Imagine what it must have been like for Jesus to hear the God, whom he called Father, be described by others. How many of the adjectives, which they might have employed, would have struck him as strained, useless or simply untrue?
To profess that Jesus was truly human is to insist that he grew as we do. That means that his soul grew as his world expanded. But to profess Jesus as God is to insist that it was our knowledge of the Father that grew in our encounter with him, not his.
Jesus said to him, “I am the way and the truth and the life.
No one comes to the Father except through me.
If you know me, then you will also know my Father.
From now on you do know him and have seen him” (Jn 14:6-7).
In all of the Gospels, but especially in the Fourth, Jesus is savior because Jesus is revealer. The vehicle or instrument of salvation is true knowledge of God, which is revealed in the very person of Jesus the Christ. To know who God is is to know what God wants of us. It is to know who we are meant to be, who we must become. Jesus would not be who Christians confess him to be if he did not reveal the Father to us and allow us to enter another world, one which we could never have known without him.
To know who God is is to know what God wants of us.
Yet the God whom Jesus called Father, whom Jesus reveals, remains an ever-elusive mystery. God is pure spirit, which means that most of the adjectives that we use to describe our world can be applied to God metaphorically at best. Yet, as we gaze upon the face of Jesus, as we ponder his actions—as both of these are given to us in the Gospel the church proclaims—we learn all that we must know of God in order to come to God.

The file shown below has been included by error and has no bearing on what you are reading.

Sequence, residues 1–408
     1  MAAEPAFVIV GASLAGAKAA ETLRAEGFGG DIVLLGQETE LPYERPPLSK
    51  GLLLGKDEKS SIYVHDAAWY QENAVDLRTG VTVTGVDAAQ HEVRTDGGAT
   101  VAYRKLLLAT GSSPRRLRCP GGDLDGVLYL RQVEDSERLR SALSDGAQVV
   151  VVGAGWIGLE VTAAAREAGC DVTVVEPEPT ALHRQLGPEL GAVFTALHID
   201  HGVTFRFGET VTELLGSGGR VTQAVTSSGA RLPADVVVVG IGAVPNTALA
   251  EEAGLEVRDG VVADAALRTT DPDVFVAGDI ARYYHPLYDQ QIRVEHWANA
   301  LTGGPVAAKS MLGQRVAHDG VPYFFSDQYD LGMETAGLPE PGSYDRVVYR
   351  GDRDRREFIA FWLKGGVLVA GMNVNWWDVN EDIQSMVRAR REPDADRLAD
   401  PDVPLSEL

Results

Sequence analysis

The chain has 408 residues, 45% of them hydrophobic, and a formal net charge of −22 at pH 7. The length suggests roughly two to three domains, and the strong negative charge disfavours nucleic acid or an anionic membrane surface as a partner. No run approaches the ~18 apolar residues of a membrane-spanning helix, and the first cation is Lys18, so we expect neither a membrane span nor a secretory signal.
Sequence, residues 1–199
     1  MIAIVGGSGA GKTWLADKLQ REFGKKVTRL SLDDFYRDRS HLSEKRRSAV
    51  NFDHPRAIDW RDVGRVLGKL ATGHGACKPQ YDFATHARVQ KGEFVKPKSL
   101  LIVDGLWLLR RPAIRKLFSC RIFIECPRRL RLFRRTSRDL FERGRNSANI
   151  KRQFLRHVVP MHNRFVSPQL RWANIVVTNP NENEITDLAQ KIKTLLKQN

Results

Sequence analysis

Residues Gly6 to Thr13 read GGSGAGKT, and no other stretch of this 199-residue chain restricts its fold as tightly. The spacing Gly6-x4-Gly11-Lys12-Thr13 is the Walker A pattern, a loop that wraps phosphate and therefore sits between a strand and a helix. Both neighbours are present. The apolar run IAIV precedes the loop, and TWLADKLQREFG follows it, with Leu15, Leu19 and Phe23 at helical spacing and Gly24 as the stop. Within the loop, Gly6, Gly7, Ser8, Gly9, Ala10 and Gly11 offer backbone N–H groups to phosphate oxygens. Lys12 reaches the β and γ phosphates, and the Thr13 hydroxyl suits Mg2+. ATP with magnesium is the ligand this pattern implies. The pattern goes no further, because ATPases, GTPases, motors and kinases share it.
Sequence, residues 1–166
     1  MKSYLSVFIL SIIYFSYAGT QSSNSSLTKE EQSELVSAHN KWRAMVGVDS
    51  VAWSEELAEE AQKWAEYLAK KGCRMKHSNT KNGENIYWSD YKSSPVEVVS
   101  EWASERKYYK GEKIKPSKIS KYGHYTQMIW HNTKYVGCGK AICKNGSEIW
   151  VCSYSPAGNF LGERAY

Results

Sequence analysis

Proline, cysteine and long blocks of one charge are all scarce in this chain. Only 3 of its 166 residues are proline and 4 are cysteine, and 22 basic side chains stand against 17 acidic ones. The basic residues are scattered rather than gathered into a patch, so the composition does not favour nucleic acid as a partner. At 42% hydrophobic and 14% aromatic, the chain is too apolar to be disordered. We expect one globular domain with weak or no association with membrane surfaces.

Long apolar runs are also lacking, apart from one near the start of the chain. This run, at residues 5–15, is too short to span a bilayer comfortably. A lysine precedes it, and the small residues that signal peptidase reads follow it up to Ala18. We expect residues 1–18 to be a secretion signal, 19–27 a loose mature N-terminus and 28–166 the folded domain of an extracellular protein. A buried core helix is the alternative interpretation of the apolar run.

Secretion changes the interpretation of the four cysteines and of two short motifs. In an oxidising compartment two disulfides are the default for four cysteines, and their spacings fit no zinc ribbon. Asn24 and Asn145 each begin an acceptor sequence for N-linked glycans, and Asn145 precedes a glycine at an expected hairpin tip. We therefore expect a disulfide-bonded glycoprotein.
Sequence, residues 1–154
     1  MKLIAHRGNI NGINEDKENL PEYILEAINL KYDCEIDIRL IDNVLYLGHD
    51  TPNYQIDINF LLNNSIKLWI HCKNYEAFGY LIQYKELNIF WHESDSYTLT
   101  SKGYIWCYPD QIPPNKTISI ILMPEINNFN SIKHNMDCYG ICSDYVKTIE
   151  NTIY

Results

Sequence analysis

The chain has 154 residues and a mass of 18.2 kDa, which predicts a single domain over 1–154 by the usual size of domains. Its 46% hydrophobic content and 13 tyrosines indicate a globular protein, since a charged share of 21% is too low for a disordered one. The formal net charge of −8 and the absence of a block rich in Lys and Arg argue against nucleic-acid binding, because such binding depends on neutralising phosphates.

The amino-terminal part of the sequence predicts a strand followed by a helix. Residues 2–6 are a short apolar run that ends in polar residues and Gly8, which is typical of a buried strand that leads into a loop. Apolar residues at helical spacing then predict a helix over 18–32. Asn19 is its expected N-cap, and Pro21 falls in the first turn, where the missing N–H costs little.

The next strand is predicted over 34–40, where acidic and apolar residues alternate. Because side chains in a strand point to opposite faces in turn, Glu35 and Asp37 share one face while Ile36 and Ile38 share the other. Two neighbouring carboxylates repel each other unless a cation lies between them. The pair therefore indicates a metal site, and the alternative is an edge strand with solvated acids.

Richard Ford closes his memoir with a fascinating comment about absences, which are only revealed in the telling. These are not gaps in the author’s memory. No, it is in memory, in returning to scenes long past, that we sense what might be called another actor, another world, present in them, yet, at the time, not recognized by us. Now, in graced memory, we see that the pieces add up to more than we thought; we see that someone else—someone who might be called a hidden actor—was present, though all of this remains elusive. Even now the actor is absent or, at least, hidden. This is what Christians call God. This is what we believe we find revealed, once for all, yet still to come, in the life of our Christ as the church remembers it.
Whoever has seen me has seen the Father.
How can you say, “Show us the Father”?
Do you not believe that I am in the Father and the Father is in me?
The words that I speak to you I do not speak on my own.
The Father who dwells in me is doing his works.
Believe me that I am in the Father and the Father is in me,
or else, believe because of the works themselves (Jn 14:9-11).
So, to write about my parents long after they’ve gone inevitably discloses hollow places, failures, frailties, rents and absences in me, insufficiencies that the telling, itself, may have tried to put right or seal off, but may only have re-opened and left behind, absences that no amount of life or truthful telling can completely full or conceal. These I agree to live with. Though when I turn to regard life—my own or others’—I now never fail to struck, amid the onslaught of all that’s happened and still is happening, by how much that’s gone from me. Absences seem to surround and intrude upon everything. Though in acknowledging this, I cannot let it be a loss or even be a fact I regret, since that is merely how life is—another enduring truth we must notice.
Readings: Acts 6:1-7 1 Peter 2:4-9 John 14:1-12